COLUMN: May 26, 2016


THE couple walked towards me, glowing with youthful love and springtime, their hands clasped as if they feared that if one let go the other would disappear into the mists. It was beautiful, inspiring, life-affirming, and it made me think.

“Ah,” it made me think, “This pavement is definitely not wide enough for people to be holding hands.”

But it was clear that the couple did not have my grasp of the laws of physics, or perhaps their expression of their love was more important to them than any concern that I might be splattered across the front of the oncoming bus. “Live by the bus, die by the bus,” they probably thought.

Either way, they refused to let go of each other and walk in single file for even a moment. Similarly, I refused to die an ironic death. There was no way I was stepping into the road.

We continued to walk towards each other. Suddenly our shared predicament filtered through the love-addled brains of the couple and they veered to their left while still holding hands, changing their angle and giving me a gap of roughly three-quarters of my width.

I could work with that. I flung myself through some closing train doors a couple of weeks ago, like a sort of commuting Indiana Jones. And I did this without being cut in two at the waist. This would be easy in comparison.

Unfortunately I had already committed myself to veering to my right in order to avoid them, and so we were still on a collision course.

To prevent an unseemly accident I changed direction, heading to my left. Inevitably, the couple had realised that a collision was imminent, and had switched to their right. Once again the crash was on. It was going down and there was not a damned thing we could do about it.

I suppose, in retrospect, we could all have just stopped walking and worked out how we were going to pass each other without being injured in one way or another, but in the heat of the moment such clarity evaded all three of us.

Unless… If the couple would actually let go of each other for five seconds I could pass between them. I put my faith in human nature and headed straight for them.

They did not unclasp their hands in time. Essentially I walked myself into a very low punch. Not for the first time.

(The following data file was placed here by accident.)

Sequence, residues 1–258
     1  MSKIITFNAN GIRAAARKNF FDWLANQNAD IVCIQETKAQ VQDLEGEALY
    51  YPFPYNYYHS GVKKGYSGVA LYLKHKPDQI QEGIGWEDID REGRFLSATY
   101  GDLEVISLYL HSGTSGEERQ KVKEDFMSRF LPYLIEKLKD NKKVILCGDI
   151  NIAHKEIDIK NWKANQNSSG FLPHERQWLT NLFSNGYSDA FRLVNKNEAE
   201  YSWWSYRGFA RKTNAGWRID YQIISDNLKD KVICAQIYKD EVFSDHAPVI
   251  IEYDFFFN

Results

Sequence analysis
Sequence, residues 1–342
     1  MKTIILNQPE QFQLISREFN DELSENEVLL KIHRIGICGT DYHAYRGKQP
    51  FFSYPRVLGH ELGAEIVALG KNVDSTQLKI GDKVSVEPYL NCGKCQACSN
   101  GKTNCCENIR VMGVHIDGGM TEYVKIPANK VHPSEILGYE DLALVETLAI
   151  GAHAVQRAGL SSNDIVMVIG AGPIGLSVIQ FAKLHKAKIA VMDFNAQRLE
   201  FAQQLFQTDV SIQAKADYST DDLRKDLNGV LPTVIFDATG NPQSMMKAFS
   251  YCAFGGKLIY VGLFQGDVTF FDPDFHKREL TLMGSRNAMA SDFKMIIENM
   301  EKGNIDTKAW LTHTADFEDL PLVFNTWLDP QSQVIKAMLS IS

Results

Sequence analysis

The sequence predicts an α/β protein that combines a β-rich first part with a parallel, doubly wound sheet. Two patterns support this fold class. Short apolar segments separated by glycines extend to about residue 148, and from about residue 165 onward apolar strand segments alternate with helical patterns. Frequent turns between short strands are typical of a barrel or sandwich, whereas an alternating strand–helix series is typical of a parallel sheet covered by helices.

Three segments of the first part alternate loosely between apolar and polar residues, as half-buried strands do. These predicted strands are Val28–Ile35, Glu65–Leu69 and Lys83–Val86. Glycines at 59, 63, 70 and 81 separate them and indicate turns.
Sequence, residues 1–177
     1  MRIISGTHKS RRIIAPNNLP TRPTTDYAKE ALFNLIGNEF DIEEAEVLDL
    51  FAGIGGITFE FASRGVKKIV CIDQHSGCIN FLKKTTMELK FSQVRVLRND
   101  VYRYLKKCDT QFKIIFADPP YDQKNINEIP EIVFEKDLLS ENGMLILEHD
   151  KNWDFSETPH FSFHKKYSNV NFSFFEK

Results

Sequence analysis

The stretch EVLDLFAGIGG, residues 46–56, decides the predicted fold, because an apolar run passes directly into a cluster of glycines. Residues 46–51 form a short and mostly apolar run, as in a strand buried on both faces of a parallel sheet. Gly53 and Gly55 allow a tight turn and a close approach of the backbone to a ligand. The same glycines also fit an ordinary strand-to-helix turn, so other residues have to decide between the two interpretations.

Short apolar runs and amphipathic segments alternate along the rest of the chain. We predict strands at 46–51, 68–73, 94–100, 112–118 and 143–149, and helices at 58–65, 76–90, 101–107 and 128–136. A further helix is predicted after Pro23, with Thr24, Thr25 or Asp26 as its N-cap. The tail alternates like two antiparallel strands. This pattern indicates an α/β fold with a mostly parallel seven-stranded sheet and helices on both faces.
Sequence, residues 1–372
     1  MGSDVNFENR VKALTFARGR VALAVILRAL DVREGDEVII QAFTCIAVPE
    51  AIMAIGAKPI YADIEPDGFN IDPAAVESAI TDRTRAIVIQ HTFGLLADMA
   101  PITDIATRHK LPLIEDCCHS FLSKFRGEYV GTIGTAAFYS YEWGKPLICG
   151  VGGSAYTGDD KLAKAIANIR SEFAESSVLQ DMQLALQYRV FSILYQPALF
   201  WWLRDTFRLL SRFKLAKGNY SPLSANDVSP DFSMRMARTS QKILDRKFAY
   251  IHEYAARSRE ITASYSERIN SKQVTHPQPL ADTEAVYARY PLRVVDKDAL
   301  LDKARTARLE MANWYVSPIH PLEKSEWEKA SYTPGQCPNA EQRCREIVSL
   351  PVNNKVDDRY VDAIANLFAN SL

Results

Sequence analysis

I apologised in a high-pitched tone and they expressed some regret for their actions, and afterwards I gave some thought as to how such an incident could be avoided in future.

And I have decided that we need to have actual laws of the pavement, just as we have laws of the road.

I am not saying that we necessarily have to have traffic signals on the pavement, but it would not distress me unduly.

That said, I definitely see a case for brake lights on the sort of person who stops abruptly in front of me outside shops, causing scenes of impromptu intimacy best left to clubs in Ayia Napa and age-restricted websites.

Similarly, indicator lights for people who step out of shops and into swift-moving pedestrian traffic without checking if anybody is walking past would also be of some use.

Pavements themselves could be split down the middle to prevent collisions. Particularly wide pavements could become dual carriageways, with “dawdle lanes” on the outside, and “perfectly normal lanes” on the inside for people like me, who believe walking to be a method of getting from one place to another rather than a leisure activity.

But all of this would cost money, for white paint, for a start, and especially if pedestrian traffic laws are to be enforced. Which they should be.

So I suggest that, until my Glorious Pedestrian Revolution comes to pass, we make a decision right now.

And that is this. When there is a pending collision between people, whether on the pavement or in a corridor, without exception we veer to the left. If we make that the absolute rule we will never have to think about it.

Only by taking this sort of firm action can we ensure that the sole reason in future for me to be punched below the belt is that I deserve it.

COLUMN: May 19, 2016

I HAD an uncommonly good day this week. I finished something on which I have been working during my spare time for about a year.

And then, after I had done a little victory lap in my living room, practised my award-winner’s speech, and chosen my sun-bleached villa on the Amalfi coast, I got ready for a Big Quiz.

I am quite good at quizzes. When I was a child I was captain of my school quiz team, and we won actual competitions. Cambridge Bainbridge, they called me, loading me with a level of expectation I have spent the subsequent 34 years comprehensively shedding.

It turns out that my knowledge is wide, but also shallow. I know that the First World War was caused by the assassination of Archduke Ferdinand in Sarajevo, but I have no idea why. My intellect is like a crème brulee, a thin, brittle coating of wisdom and general facts concealing a vast, seething custard of self-sabotage and ignorance.

Anyway, this makes me prime fodder for people rounding up quiz teams. So it proved last week when my friend Alistair begged me on bended knee to join his group competing in a quiz night.

A couple of years ago, Alistair and some people from the office appeared on the TV show Eggheads. They were glorious failures. I am not saying that they would have won had they asked me to be among their number, but we will never be able to prove otherwise.